Public Health Article

Self-screening and non-physician screening for hypertension in communities: A systematic review

Review Quality Rating: 9 (strong)

Citation: Fleming S, Atherton H, McCartney D, Hodgkinson J, Greenfield S, & Hobbs FD. (2015). Self-screening and non-physician screening for hypertension in communities: A systematic review. American Journal of Hypertension, 28(11), 1316-1324.

Evidence Summary PubMed LinkOut Plain-language summary


BACKGROUND: Community-based self-screening may provide opportunities to increase detection of hypertension, and identify raised blood pressure (BP) in populations who do not access healthcare. This systematic review aimed to evaluate the effectiveness of non-physician screening and self-screening of BP in community settings.
METHODS: We searched the Cochrane Central Trials Register, Medline, Embase, CINAHL, and Science Citation Index & Conference Proceedings Citation Index - Science to November 2013 to identify studies reporting community-based self-screening or non-physician screening for hypertension in adults. Results were stratified by study site, screener, and the cut-off used to define high screening BP.
RESULTS: We included 73 studies, which described screening in 9 settings, with pharmacies (22%) and public areas/retail (15%) most commonly described. We found high levels of heterogeneity in all analyses, despite stratification. The highest proportions of eligible participants screened were achieved by mobile units (range 21%-88%) and pharmacies (range 40%-90%). Self-screeners had similar median rates of high BP detection (25%-35%) to participants in studies using other screeners. Few (16%) studies reported referral to primary care after screening. However, where participants were referred, a median of 44% (range 17%-100%) received a new hypertension diagnosis or antihypertensive medication.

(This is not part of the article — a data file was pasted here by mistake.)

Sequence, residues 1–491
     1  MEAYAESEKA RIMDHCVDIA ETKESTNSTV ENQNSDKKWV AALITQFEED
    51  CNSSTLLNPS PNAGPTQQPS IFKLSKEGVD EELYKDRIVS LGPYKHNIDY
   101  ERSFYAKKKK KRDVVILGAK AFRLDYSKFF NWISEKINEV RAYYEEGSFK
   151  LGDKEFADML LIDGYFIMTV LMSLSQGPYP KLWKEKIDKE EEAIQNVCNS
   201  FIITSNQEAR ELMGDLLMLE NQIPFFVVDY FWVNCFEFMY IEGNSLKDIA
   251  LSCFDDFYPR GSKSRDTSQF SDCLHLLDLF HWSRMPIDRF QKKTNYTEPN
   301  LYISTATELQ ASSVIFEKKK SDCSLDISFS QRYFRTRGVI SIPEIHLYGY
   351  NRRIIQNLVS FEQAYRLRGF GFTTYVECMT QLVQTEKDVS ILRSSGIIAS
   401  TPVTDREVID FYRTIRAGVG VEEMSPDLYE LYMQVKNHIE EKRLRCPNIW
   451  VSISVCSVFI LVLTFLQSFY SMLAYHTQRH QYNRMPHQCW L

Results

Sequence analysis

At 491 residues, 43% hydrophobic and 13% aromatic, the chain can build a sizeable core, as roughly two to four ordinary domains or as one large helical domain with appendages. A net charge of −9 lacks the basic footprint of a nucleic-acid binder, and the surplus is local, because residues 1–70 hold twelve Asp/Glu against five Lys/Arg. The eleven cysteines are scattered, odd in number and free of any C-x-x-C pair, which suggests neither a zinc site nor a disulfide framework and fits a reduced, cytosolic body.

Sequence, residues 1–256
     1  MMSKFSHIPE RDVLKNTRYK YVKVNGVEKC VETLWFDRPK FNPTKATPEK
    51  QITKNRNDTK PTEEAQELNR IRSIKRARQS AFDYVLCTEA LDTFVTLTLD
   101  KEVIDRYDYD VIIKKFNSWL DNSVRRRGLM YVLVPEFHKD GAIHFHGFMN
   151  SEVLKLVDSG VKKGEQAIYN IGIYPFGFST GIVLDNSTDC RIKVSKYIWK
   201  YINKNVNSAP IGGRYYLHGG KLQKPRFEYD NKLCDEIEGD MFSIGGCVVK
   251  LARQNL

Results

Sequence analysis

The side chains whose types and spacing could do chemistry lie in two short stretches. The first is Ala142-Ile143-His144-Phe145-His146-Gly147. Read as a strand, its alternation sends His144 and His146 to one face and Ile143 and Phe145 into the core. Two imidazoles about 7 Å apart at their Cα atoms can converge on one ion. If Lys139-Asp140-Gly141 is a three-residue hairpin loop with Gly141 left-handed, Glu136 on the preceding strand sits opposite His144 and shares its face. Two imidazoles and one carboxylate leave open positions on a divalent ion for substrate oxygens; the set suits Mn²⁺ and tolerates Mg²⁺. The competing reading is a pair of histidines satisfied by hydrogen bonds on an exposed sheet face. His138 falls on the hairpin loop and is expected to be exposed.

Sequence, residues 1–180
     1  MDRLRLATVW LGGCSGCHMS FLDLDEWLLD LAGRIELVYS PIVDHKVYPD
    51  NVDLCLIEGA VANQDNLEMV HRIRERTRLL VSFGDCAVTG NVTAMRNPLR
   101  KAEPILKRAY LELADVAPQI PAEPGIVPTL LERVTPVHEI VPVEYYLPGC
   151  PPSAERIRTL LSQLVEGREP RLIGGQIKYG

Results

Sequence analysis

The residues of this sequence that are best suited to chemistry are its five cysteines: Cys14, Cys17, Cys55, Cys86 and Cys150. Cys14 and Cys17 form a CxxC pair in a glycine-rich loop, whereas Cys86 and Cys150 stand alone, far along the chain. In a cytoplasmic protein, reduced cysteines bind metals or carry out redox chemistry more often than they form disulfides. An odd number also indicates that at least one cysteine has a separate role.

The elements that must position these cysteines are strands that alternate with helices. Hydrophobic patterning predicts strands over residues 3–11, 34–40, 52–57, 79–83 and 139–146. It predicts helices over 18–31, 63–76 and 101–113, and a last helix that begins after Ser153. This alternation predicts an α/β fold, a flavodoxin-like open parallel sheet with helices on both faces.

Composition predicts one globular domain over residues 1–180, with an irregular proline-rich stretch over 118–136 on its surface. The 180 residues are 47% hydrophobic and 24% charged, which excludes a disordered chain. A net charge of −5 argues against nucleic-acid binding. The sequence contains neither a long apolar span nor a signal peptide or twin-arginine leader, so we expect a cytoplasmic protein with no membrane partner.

CONCLUSIONS: Community-based non-physician or self-screening for raised BP can detect raised BP, which may lead to the identification of new cases of hypertension. However, current evidence is insufficient to recommend specific approaches or settings. Studies with good follow-up of patients to definitive diagnosis are needed.


Adolescents (13-19 years), Adults (20-59 years), Adult's Health (men's health, women's health), Chronic Diseases, Community health centre, Health departments, Home, Nursing home/long-term care facility, Primary health care provider office (e.g., Public health nurse, dietitian, social worker), Screening, Seniors (60+ years)

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